Tuesday, 30 July 2013

Visiting Liverpool? Places to go, things to do, where to eat

Things to do in Liverpool

I love Liverpool.

It's my hometown and  it sometimes comes in for a fair bit of flak in the media, although I suspect the most vocal critics have never even visited the city, because if they had they'd know how fabulous it is.

Liverpool is a vibrant and cosmopolitan city, bursting with things to do and see. There's great architecture (including two contrasting cathedrals), fabulous restaurants, lively pubs and clubs; a plethora of theatres, museums and art galleries and of course plenty to keep the legions of Beatles' fans happy.

So apart from all of that (phew!) what else can you do in the city? Here's my pick of things to do in Liverpool this summer.

Visit the Walker Art Gallery for Rankin's photography exhibition Alive In The Face Of Death.

An inspirational, if somewhat emotional, series of photographs of people who have faced, or are facing, death. I loved it. To get to the exhibition you have to walk through the pre-Raphaelites room which is also well worth a visit.

There's also a Chagall exhibition at the Liverpool Tate on the Albert Dock, which I haven't been to yet but has been getting great reviews.

Take a ferry 'cross the Mersey.  Cliched, yes, but still a real treat. Get yourself down to the Pier Head, have an ice cream, listen to the seagulls and then get on the ferry. And you can even sing along to the Gerry and the Pacemakers song if it makes you feel better.

It's the best place to be when the weather's as hot as it has been this summer, and it's also the best way to see the famous (but ever changing) Liverpool waterfront and skyline. And when you disembark back at the Pier Head make a beeline for the new Museum of Liverpool (right next to the ferry terminal) which has some brilliant exhibitions about the history and culture of the city.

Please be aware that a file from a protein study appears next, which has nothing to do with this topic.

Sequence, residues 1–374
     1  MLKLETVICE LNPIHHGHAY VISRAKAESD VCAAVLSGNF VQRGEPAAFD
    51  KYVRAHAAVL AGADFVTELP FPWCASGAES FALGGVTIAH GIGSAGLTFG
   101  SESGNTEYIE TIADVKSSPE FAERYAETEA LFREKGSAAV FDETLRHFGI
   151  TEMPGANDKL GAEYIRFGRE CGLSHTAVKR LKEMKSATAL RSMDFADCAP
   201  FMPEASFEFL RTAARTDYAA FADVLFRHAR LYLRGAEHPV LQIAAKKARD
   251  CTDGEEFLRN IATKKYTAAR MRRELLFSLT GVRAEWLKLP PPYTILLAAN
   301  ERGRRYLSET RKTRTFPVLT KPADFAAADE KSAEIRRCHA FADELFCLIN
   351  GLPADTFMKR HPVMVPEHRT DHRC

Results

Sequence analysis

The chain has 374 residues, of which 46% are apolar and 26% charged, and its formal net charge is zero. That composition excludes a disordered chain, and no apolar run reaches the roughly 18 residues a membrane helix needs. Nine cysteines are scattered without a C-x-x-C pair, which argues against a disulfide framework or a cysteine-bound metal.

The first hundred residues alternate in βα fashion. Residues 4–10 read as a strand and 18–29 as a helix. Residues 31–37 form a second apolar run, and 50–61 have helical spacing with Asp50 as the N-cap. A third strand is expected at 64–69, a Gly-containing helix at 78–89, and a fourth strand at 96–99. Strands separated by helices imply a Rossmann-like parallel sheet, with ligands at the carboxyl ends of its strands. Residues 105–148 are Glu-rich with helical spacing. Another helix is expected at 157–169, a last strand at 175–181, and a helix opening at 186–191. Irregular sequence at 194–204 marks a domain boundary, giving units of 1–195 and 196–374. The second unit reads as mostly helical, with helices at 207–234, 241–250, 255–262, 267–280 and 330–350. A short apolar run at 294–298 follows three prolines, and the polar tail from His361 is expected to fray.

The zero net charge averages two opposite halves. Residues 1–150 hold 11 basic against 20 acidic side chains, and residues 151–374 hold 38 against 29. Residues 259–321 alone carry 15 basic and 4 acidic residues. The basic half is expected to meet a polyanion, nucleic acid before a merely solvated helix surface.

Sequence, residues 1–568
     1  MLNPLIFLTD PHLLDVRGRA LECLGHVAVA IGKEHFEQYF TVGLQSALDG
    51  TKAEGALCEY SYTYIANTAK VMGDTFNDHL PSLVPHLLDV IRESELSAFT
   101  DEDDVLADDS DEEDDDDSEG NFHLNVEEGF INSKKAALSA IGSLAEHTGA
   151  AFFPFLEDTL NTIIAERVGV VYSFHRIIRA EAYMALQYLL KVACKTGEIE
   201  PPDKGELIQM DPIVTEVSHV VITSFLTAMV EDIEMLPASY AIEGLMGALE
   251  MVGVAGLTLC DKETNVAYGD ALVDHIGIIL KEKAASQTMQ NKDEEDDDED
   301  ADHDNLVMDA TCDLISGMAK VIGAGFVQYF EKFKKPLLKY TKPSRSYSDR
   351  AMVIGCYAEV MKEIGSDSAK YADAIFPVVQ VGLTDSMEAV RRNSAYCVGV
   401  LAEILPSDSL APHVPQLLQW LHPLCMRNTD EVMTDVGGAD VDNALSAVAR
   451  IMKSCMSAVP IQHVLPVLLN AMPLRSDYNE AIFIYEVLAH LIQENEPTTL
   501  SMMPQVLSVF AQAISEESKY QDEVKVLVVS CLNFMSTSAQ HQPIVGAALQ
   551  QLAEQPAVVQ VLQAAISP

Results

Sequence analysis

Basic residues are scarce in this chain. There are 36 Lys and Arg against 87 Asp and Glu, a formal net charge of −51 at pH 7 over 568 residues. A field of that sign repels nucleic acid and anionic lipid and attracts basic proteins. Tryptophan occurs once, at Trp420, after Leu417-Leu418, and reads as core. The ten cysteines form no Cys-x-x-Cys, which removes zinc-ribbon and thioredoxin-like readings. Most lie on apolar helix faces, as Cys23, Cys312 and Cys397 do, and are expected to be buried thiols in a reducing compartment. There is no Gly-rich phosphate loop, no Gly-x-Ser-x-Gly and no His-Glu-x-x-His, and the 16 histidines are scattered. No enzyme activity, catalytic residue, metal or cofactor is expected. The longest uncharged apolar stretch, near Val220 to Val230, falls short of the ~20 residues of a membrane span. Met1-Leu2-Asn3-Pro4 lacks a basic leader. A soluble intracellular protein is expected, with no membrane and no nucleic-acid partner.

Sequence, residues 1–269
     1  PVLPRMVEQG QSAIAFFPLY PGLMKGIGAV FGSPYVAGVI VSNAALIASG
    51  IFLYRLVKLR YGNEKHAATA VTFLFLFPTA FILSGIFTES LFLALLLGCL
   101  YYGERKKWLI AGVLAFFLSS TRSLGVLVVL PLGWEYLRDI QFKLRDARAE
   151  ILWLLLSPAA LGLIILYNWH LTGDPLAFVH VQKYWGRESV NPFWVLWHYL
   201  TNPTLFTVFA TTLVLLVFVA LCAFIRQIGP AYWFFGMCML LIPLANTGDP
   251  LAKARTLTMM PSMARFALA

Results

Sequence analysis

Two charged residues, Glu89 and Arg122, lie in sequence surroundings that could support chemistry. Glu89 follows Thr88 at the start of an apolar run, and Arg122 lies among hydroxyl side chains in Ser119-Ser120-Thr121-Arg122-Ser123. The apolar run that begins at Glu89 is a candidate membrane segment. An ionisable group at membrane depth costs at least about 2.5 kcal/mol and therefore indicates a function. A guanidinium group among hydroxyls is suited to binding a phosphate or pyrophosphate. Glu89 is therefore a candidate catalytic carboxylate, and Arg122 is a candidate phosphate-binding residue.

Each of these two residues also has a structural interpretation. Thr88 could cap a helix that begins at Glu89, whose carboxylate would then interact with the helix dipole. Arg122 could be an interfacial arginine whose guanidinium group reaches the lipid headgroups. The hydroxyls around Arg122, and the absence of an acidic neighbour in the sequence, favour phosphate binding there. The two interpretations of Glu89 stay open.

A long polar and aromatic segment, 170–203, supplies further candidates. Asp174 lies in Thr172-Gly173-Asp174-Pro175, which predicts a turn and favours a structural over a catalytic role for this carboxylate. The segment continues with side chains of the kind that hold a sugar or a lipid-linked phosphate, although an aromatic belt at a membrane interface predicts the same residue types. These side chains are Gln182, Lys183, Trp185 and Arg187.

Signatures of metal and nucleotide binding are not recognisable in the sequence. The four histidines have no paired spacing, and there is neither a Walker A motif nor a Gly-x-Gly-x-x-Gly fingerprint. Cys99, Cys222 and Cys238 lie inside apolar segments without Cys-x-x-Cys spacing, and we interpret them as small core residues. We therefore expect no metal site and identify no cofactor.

Crosby beach

Go to the beach - yes really! There are some fantastic beaches only a short drive from the city centre including my favourites in Formby and Crosby. Crosby beach  is also the home to the Anthony Gormley's haunting art installation, Another Place.

Join the party! The very first Liverpool International Music Festival will be taking place over the August bank holiday weekend, 22nd to 26th August. This used to be called the Matthew Street festival and it's always a massively popular event. Dozens of acts perform at different venues across the city and the whole place takes on a party atmosphere. I actually have some Australian relatives coming over to visit in August and they've timed their visit to coincide with this.

Sefton park band stand
Have a walk in the park - Sefton Park is one of several parks in Liverpool but happens to be my favourite. It's a 235 acre historic park just a short drive/bus ride from the city centre.

It's a beautiful place to walk, sit, picnic and just generally enjoy the outdoors. There's a boating lake, an aviary, children's play areas, a café and beautifully landscaped gardens as well as a bandstand rumoured to be the inspiration for the Beatles' Sgt. Pepper.

There's also plenty of free parking, and it's a short walk to the very popular Lark Lane area with plenty of bars and restaurants.

And no doubt you'll be wanting to eat while you're here? How about these for starters (pardon the pun...)

Delifonseca dockside

Delifonseca:  this multi-award winning deli and bistro is my top choice. I should mention straightaway that this is owned by one of my closest friends, so you might think I'm biased but considering it's won dozens of awards, including the recent Readers' choice in the Good Food Guide, I don't think I'm the only one. Both the central Stanley Street site and the larger Dockside sites are equally as good, although the latter would probably suit families better due to free parking outside, no steps and a bit more space inside.

I've eaten here many, many times and I've never had a bad meal or even a mediocre one for that matter. The menus offer a wide variety of dishes, including an ever-changing specials board, so I'd be hard pushed to choose a favourite....although the Po' Boy steak sandwich deserves an honourable mention. The service is excellent too.

Free State Kitchen Liverpool
Free State Kitchen